An ill-advised attack on Gorsuch

Alexandra Desanctis writes at National Review Online about a smear campaign targeting U.S. Supreme Court nominee Neil Gorsuch.

On Monday morning, eleven progressive groups sent a joint letter to Senate Democrats, urging them to oppose Neil Gorsuch’s nomination to the Supreme Court on the grounds that he will fail to check the Trump administration’s possible abuses of power. MoveOn.org, NARAL Pro-Choice America, and the SEIU were among the groups that filed the letter.

This latest progressive attack on Gorsuch is particularly striking because it fundamentally misrepresents both the nominee himself and the proper understanding of our government’s structure. The letter refers to Gorsuch as “an ultra-conservative jurist who will undermine our basic freedoms and threaten the independence of the federal judiciary.” Without providing a scrap of evidence, it asserts that his “extreme ideological agenda” is supported by some “white nationalist groups.”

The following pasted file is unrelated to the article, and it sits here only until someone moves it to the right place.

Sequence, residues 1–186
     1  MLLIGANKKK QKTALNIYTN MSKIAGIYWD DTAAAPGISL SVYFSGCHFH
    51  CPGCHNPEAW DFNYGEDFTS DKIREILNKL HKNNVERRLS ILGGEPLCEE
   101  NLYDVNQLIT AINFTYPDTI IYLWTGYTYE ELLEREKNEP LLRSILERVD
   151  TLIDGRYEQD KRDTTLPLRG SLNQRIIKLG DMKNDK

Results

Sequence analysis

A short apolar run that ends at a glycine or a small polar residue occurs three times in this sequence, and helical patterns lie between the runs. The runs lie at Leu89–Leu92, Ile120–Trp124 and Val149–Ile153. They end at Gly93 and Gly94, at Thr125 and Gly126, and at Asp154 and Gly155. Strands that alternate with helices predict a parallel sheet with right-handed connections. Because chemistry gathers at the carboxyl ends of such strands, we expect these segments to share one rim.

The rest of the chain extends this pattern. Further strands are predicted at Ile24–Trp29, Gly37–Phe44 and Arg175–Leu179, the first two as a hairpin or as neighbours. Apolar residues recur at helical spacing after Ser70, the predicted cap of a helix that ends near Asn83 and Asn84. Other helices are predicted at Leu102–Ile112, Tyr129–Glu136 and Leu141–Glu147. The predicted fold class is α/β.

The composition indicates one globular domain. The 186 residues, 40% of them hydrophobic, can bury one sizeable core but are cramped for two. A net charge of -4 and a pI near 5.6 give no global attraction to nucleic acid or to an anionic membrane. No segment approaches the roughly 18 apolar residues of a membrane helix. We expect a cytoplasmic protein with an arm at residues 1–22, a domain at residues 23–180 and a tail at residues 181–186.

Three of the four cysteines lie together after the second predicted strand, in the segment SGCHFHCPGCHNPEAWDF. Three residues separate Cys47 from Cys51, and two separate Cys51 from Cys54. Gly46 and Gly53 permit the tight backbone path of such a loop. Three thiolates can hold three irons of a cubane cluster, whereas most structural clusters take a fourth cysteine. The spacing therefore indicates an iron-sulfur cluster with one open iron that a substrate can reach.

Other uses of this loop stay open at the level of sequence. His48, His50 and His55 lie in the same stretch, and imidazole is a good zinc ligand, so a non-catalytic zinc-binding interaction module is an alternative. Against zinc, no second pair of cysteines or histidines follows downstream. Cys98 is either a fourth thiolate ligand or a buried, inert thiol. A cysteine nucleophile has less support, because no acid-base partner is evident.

The progressive co-signers do their very best impression of conservative rhetoric, highlighting the importance of “our constitutional system of checks and balances [which] requires three equal branches of government,” a system that will, apparently, be endangered by Gorsuch. In its most egregious display of abject dishonesty, the letter claims “there is zero evidence that Judge Gorsuch will be an independent check on this runaway and dangerous administration.”

Either these left-wing groups truly know nothing about Gorsuch, or they are hellbent on twisting the truth beyond recognition in order to portray him as an existential threat to the country. Given their track record, it makes sense to bet on the latter. And their fear is understandable; Gorsuch isn’t a threat to constitutional democracy, but he surely is a threat to progressive “rights” that are found nowhere in the Constitution.

Mitch Kokai / Senior Political Analyst

Mitch Kokai is senior political analyst for the John Locke Foundation. He joined JLF in December 2005 as director of communications. That followed more than four years as chie...

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